Tuesday, October 3, 2017

You Can Be a Winner Winner Chicken Dinner

As temperatures in the Flathead Valley start to drop off Samaritan House is working to provide a safe warm place for those in need.  One way we are trying to do this is with a raffle.  With the purchase of a $100 raffle ticket you have a chance at winning the Grand Prize of $2,000 and one of the many smaller prizes.
The drawing will be held November 23rd, the day before Thanksgiving.  No need to be present to win.
You can purchase your Raffle Tickets from a Samaritan House Board Member or directly at the Samaritan House, 124 9th Ave West in Kalispell, Montana.  Phone 406-257-5801
Good Luck and thank you for your support!

Wednesday, September 13, 2017

Help the Samaritan House Win $1,000o in the Great Fish Community Challenge Jingle Competition

Help the local homeless sheler, Samaritan House, win $1,000 a Jingle Competition.  The Jingle Competition is an incentive of the Great Fish Community Challenge being organized by Whitefish Community Foundation and the winner will receive $1,000. 

To help Samaritan House win go to the link below and listen to our jingle entry titled, "Whitefish Community Foundation".  It is sung by our own Associate Director, Kent McLellan and played/written by Mike Murray. Voting for the Jingle Competition ends September 22nd at 5:00 pm.
We need your vote! 

To vote click here

The Great Fish Community Challenge will close in two days.  If you would like to donate click the link below and select Samaritan House.  Every donation has a possibility of some match. 

To donate to Samaritan House click here. 

 Thank you so much for your support and encouragement!

Monday, August 7, 2017

2017 Great Fish Community Challenge

I hope this update finds you enjoying everything we love about the Flathead Valley in summer, Flathead Cherries and beautiful August sunsets.  
This summer, Samaritan House continues to be at or near capacity in our attempts to shelter and assist our local homeless neighbors while funding remains tight.  It was well publicized in 2016 the financial difficulties we experienced while losing a much needed federal grant.  One way we are trying to address that gap this year is by participating in the 2017 Great Fish Community Challenge being organized by the Whitefish Community Foundation. 
The 2017 Great Fish Community Challenge is an innovative fundraiser that helps the community donate to their favorite participating nonprofit by providing a matching grant incentive.  The campaign will go until September 15th. 
If you would like to donate online to Samaritan House and help us qualify for a matching grant just go to the 2017 Great Fish Community Challenge, pick Samaritan House and donate.  Pick, Click and Give.  
Or if you would like to mail a donation to Samaritan House then print the Official Donation Form include your donation and mail it to:
Whitefish Community Foundation
Thank You very much for your consideration of Samaritan House.
It is very appreciated.

Chris Krager, Director
Samaritan House

Friday, March 10, 2017

Save the Date - 10th Annual Cowboy Up for Samaritan House Benefit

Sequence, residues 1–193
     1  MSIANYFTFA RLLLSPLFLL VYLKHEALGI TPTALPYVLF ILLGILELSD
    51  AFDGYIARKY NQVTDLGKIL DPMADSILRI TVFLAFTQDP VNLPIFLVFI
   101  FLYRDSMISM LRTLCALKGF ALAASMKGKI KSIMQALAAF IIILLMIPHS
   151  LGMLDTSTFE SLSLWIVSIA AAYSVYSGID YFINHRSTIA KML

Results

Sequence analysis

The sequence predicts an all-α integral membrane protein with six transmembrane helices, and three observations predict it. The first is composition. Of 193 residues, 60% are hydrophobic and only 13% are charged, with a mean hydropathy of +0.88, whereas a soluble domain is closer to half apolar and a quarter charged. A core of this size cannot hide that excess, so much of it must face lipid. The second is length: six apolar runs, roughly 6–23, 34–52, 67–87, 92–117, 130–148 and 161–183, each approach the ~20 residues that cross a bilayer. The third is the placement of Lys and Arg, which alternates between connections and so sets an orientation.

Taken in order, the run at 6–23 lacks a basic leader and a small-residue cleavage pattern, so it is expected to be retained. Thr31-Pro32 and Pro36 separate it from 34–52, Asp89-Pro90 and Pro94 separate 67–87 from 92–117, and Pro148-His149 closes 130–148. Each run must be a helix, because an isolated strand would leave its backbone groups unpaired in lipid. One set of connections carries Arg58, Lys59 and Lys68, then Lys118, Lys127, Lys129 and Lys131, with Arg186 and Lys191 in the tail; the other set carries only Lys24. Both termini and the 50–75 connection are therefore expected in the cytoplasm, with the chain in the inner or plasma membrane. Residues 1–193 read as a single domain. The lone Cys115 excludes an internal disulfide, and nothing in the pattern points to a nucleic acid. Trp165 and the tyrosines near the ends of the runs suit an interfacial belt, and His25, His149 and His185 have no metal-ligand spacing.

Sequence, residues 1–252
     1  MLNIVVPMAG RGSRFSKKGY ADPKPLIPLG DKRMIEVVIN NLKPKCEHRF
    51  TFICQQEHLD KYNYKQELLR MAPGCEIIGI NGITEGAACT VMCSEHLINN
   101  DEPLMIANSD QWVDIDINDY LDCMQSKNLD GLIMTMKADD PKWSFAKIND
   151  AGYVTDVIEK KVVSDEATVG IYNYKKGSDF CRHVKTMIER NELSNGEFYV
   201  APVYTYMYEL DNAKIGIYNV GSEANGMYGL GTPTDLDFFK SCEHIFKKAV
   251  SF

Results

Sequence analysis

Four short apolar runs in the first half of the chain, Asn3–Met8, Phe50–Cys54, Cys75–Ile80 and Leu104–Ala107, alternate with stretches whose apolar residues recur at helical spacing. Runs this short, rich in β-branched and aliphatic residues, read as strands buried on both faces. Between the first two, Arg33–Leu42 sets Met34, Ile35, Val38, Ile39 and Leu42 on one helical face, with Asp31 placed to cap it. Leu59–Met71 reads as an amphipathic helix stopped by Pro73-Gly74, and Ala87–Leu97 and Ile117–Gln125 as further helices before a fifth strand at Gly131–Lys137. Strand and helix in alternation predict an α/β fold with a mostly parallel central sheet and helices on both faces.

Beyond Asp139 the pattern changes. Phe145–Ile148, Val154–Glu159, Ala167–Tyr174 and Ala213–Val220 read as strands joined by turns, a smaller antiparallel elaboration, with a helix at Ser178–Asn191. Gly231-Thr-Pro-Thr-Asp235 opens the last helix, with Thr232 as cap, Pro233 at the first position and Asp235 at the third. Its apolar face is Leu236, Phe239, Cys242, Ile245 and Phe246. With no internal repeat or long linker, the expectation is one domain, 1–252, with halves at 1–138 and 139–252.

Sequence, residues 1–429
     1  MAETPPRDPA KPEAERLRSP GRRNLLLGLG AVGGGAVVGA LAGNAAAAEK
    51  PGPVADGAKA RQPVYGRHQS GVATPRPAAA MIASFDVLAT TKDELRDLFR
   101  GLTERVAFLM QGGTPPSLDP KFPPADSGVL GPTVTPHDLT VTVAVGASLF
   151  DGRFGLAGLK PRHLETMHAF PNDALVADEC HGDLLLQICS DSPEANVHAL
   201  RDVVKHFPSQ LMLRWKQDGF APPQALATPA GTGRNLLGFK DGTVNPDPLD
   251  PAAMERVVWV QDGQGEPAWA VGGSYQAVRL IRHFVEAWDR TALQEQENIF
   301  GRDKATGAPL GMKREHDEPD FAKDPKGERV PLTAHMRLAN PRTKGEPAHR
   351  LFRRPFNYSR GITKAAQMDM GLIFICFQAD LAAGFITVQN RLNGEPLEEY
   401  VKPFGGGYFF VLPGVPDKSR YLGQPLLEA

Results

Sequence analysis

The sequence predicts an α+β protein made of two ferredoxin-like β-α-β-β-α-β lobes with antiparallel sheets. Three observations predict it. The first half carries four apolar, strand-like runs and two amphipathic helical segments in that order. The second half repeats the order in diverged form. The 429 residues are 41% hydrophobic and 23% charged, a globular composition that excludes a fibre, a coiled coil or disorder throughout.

Samaritan House is pleased to present the 10th Annual Cowboy Up Benefit Dinner and Auction! 
Please join us on Saturday, April 8th, 2017 at Gardner's Auction, located on US Highway 93 South (just south of Kalispell). 
Tickets are $40 each and a table of 8 is $280 when reserved in advance. 
There will be a Ticket Holder Raffle, Live and Silent Auctions as well as music by Smart Alex
Doors open at 5:00 pm and Dinner is served at 6:00 pm. 
Dust off your boots and we will see you there!

Thursday, October 6, 2016

Update from Samaritan House

Warmest Greetings from Samaritan House. 
I am writing to you now because at some point in the past you have graciously supported Samaritan House or you have shown an interest in Samaritan House and the mission of helping homeless people in the Flathead Valley.  The Samaritan House has very seldom sent such a letter as this but recently a very unexpected event has obligated us to send out a very special request.  Please let me explain. 
Samaritan House was recently among one of the many HUD funded programs across the country serving homelessness whose grant funding was not renewed for 2016.  Many of these HUD funded programs that lost this type of funding are now facing the extremely difficult task of finding alternative funding, downsizing or even closing. 
I am pleased to tell you that Samaritan House is not in the category of downsizing or closing and is in no way threatened in our pursuit of ending homelessness in the Flathead Valley.  That being said, I would be remiss if I didn't mention that this grant funding was an annual source of $56,624. This funding was used to provide housing for people in need. Additionally, the Emergency Food and Shelter Program that is administered locally by United Way is not going to be renewed.  This funding was an annual source of $5,400 - $7,000 and was used to provide food for the kitchen/cafeteria. The loss of this money is a heavy hit to our budget. 
There are other funding sources available to fill the gap left by the loss of this grant and they are being pursued vigorously.  Please note however that even if they do get funded they will not be available until mid-2017 and thus the purpose of this letter.  Quite simply we are humbly asking your assistance in allowing us to continue the work ahead of us until this new funding is in place. 
In terms of investment, Samaritan House can be viewed as a good choice.  Samaritan House serves approximately 1,350 local homeless people every year, sheltering around 78 people every night.  Programs at Samaritan House have excellent outcomes.  86% of the people served at Samaritan House are no longer homeless when they move on from the shelter compared to 72% as a notional standard for other homeless programs.